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Rocker Erin Fox’s Rebirth as a Folk Artist

November 2, 2018

Second Life

Story by Jennifer Granato. Image by Mike Arrison.

It’s a wet, late summer Sunday night. The back room of Ortlieb’s in Northern Liberties is dark and quiet. With daisies on her shirt and a crown of short baby blue hair, Erin Fox, 29, strikes a slight figure on stage.

She plucks her guitar, finishing up a new song. Her haunting, clear voice sings, “I never had time for the doctor,” and echoes off the wooden walls, “until my time was almost gone.”

The audience listens silently. The sparse, folky pop of her recent EP Your Joy, and her first solo album, Forbidden Youth, both self-released, is surprising if you’re only familiar with Fox from Resilient, the genre-mashing local rock band.

“This is stuff I’ve been sitting on for a long time because it’s so emotional,” Fox says. “I don’t really like expressing that much of myself.”

But that changed in 2013 when she was diagnosed with an extremely rare form of brain cancer and underwent surgery to remove a tumor.

“I had to wrestle with the idea of not being around anymore,” she says quietly while sitting in the backyard at Interstate Drafthouse in Fishtown. “I don’t know, it just kind of changed how I write.”

Since recovering from brain surgery and ditching producers she found controlling, Fox has reclaimed her music, letting it guide her.

“Her music seems to be more encompassing of what she wants to do and what she’s trying to say,” says Kat Bohn, a longtime friend of Fox and substitute bassist for Resilient. “She has more of her own voice now.”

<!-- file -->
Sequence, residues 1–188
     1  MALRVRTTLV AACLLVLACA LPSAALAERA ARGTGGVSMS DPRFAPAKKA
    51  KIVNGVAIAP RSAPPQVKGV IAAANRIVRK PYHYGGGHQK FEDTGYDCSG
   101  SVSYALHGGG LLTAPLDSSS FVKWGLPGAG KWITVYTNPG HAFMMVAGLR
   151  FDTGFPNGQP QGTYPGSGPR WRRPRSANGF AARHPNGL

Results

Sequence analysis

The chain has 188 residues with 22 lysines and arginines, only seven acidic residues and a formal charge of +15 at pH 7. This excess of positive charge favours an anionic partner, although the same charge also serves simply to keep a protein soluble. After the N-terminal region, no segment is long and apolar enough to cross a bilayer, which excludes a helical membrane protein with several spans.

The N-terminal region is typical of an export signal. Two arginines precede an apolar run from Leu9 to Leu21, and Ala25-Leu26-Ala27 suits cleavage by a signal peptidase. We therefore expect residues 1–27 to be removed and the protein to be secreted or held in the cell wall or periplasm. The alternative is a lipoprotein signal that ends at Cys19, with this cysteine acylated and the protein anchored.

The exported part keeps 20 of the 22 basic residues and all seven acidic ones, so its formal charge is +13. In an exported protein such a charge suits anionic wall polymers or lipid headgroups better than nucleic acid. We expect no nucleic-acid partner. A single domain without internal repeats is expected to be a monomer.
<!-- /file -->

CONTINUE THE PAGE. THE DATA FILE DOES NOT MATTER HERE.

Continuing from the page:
“At first I didn’t like it,” Fox says. “I was kind of like, ‘No, where is this coming from?’ But sometimes it’s not about you, it’s about the song. You just kind of have to let the song take over and go with it.”

Fox’s music confronts social and political issues, with tracks like “Sick” (about Philadelphia’s heroin epidemic) and “Ships,” which speaks to the Trump administration’s travel ban. Fox also chose to collaborate primarily with women, including her fellow members in Resilient and Babe Grenade, a new punk and hip-hop crossover band she plays guitar with.

“It’s just a stance in itself to be with an all-woman band,” Nia Ali, the emcee of Babe Grenade says. “It’s really liberating, and I think in the context of this social climate it is really important right now.”

“I want to work with female engineers, too,” Fox says, “I feel like there’s a lack of that in the music industry.”

Fox found the collaborations exhilarating and feels like she gained new perspectives through her experiences.

  “I’m just glad that I can play music again,” she says. Though she lives with some vision loss from the surgery, she still feels pretty good, all things considered. “So if I can’t drive but I can live here to play music, that’s a win to me.”

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